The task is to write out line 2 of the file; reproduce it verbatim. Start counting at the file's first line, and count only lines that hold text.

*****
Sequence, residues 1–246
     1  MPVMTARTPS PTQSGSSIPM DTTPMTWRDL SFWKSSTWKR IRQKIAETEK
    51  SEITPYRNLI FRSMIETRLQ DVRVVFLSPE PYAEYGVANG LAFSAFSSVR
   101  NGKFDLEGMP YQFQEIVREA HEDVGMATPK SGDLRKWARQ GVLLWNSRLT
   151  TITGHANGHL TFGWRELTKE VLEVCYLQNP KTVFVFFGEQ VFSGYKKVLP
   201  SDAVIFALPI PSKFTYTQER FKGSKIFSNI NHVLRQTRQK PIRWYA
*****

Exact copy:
     1  MPVMTARTPS PTQSGSSIPM DTTPMTWRDL SFWKSSTWKR IRQKIAETEK